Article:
New Delhi, May 11: The Indian Air Force (IAF) Wednesday opposed creating, ‘in the present format’, the post of a chief of defence staff (CDS) above the armed forces chiefs to serve as a single point of reference for the government on security matters. The idea was mooted by a committee that reviewed the conduct of the 1999 India-Pakistan Kargil war and was approved by a group of ministers.
The IAF chief, Air Chief Marshal P.V. Naik, told a seminar on national security reforms that he disfavoured the creation of a CDS ‘in the present format’ as it would create obstructions in the existing security apparatus.
‘I would like to emphasise and reiterate that the IAF is all for the formation of CDS, but we are against appointment of CDS in the present format. The appointment in this format will only create another obstruction to the system,’ Naik said here at the seminar organised by the Centre for Land Warfare and Studies (CLAWS).
The Kargil Review Committee headed by the late security analyst, K. Subramanyam, was set up in the backdrop of the India-Pakistan war in the Kargil sector of Jammu and Kashmir. It had proposed a CDS to enable jointness among the army, navy and air force and to act as a single-point adviser to the government on security, a gap found during the 1999 operations.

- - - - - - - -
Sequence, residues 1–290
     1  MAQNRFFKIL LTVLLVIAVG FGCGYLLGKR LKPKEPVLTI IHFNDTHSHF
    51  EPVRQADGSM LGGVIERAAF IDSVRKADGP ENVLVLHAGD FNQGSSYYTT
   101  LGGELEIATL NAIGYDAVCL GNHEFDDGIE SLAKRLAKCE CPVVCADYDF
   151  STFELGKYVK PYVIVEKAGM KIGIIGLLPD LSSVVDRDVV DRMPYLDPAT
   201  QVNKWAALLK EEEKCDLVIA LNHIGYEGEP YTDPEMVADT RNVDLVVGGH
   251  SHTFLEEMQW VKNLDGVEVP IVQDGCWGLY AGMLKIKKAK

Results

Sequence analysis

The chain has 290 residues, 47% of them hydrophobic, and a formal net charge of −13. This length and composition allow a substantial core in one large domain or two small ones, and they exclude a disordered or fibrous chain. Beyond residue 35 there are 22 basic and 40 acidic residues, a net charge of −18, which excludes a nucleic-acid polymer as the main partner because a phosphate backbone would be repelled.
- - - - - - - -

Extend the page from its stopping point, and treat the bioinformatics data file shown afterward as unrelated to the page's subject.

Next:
Though the proposal is more than a decade old, Defence Minister A.K. Antony has on several occasions told parliament that consensus among political parties on the CDS was lacking.
Political consensus apart, there was no unanimity among the three services on the CDS.
Naik said the IAF was not ready to accept the appointment a four-star or five-star serving officer as the CDS, saying the he would not have the wherewithal to execute his duties.
Favouring the continuance of the existing structure of command with each service individually communicating with the defence ministry, the IAF chief said: ‘Our existing system, without a CDS, has worked well in last 40-50 years. We fought four wars in 1947, 1969, 1971 and Kargil without any major glitches.’
Contesting the suggestion that the CDS could be the most important reform in the defence sphere, Naik said: ‘Lots of people think that by withholding the appointment of CDS, the government has actually weakened the pace and quality of military reforms.’
Referring to the CDS format of other countries, he said the model varies from country to country.
‘In United States, the Chairman of the Joint Chiefs of Staff controls the operations; in Australia, the CDS and the defence secretary are parallel and report to their equivalent of the defence minister. Which model do we want to adopt,’ he asked.
Naik dubbed the CDS concept a ‘foreign’ idea and called for ‘strengthening the Chiefs of Staff Committee’ as the first step in the security reforms. ‘Setting up new structures will not make the system more efficient or effective,’ he said.
Stressing the need for a national security doctrine and a White Paper on defence, Naik pitched for a regular dialogue between the political and military leadership of the country, saying it was essential for India, which faced a large number of military and non-military threats.
‘At present there is no political interface. One very good step that has been taken is that the three service chiefs have been participating in the meetings of the Cabinet Committee on Security (CCS). It is a good step in my opinion. A lot of our inputs have been taken and acted upon by the government,’ he added.